Renowned forensic pathologist Professor Deon Knobel, who retired in 2004 as head of the University of Cape Town’s Division of Forensic Medicine, died on 1 March following a short illness.
Lauded on his Facebook page as a “forensic giant”, Knobel (79) spent nearly four decades at UCT, during which time he estimated that he worked on more than 15 000 cases. But his expertise extended well beyond the university, with Knobel a regular specialist witness in high-profile court cases, even after his retirement.
The Stellenbosch medical graduate joined the State Pathology Laboratory, then based at UCT’s Hiddingh campus, in 1964. He was juggling two careers at the time: government medical officer during the day, and promising opera and Lieder singer at night.
After eventually foregoing the latter as the demands of his day job began encroaching on his evenings, Knobel spent the years right up to his retirement being involved with medico-legal autopsies as the UCT division has ties with the provincial Department of Health.
Among the cases in which he either gave evidence or assisted the prosecutors was the murder of Marike de Klerk, former wife of FW de Klerk, in her Bloubergstrand home in 2001. More recently he attended the trials following the murders of Susan Rohde, Hannah Cornelius and Inge Lotz.
Knobel was also known as a committed fighter for the rights of people living with HIV and AIDS in the early days of the pandemic. He also had an indirect hand in UCT’s HIV/AIDS policy when he and Professor Gordon Isaacs, formerly of the UCT Department of Social Development, vocally and successfully opposed a draft document that called for testing of new students and staff before admission or appointment.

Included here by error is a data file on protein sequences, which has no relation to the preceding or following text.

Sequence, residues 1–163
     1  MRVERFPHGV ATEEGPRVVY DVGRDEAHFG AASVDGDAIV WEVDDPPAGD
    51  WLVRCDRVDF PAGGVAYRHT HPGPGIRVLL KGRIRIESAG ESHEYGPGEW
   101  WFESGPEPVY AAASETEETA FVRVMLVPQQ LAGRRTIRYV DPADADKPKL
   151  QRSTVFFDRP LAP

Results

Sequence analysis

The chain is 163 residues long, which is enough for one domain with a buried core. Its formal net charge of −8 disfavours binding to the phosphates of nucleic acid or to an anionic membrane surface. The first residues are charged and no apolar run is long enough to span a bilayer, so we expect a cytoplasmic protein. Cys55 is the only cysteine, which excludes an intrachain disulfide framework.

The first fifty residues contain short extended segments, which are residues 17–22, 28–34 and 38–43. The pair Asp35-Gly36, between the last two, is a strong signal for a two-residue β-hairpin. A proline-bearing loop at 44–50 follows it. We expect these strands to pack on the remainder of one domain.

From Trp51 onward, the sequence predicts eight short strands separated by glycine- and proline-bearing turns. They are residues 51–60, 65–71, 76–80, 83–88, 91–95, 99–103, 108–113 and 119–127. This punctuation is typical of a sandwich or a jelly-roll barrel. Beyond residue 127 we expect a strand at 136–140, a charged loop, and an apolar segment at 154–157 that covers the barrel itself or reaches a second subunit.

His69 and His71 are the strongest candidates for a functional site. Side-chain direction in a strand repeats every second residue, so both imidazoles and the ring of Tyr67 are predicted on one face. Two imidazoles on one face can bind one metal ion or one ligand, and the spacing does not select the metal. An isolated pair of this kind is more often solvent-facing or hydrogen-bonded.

He was a lecturer of note, his love for his subject earning him a Distinguished Teacher’s Award in 2000 (one colleague believed he should have received one every year). On Knobel’s retirement, former Dean of the Faculty of Health Sciences Professor Nicky Padayachee, himself a UCT alumnus, fondly recalled Knobel’s lectures.
“Deon was probably the most memorable lecturer I ever had. I will never forget his style of teaching, his sense of humour,” he said at the time.
“With him it is everything or nothing, and it is usually everything.”
Fellow pathologist Dr Denise Lourens said Knobel was passionate about his job: “With him it is everything or nothing, and it is usually everything.”
Thomas Mollett, the amateur investigator who probed the Lotz murder case, wrote on Knobel’s Facebook page that he was “a man with flair, a wonderful person … he was a forensic giant, and a voice of reason and justice”.
Knobel, the author of numerous scientific articles and whose three volumes of student manuals became sought after in the fields of forensic medicine, medical ethics and HIV/AIDS, took on the “resurrection” of the literary heritage of his brother Wilhelm Knobel following his retirement.
He formed his own publishing company, Bel Monte, and the work on his brother’s oeuvre is continuing.
His words to his colleagues and students on his retirement bear repeating: “Yes, life is a journey. Enjoy the ride, even, or especially, the steepest speed bumps. Open the iron cage, let the hummingbird of your soul fly free and sing, with passion, your own unique song of joie de vivre.”
Knobel’s life partner of 39 years, Dr Roy Allan, died during the De Klerk murder trial in 2002.
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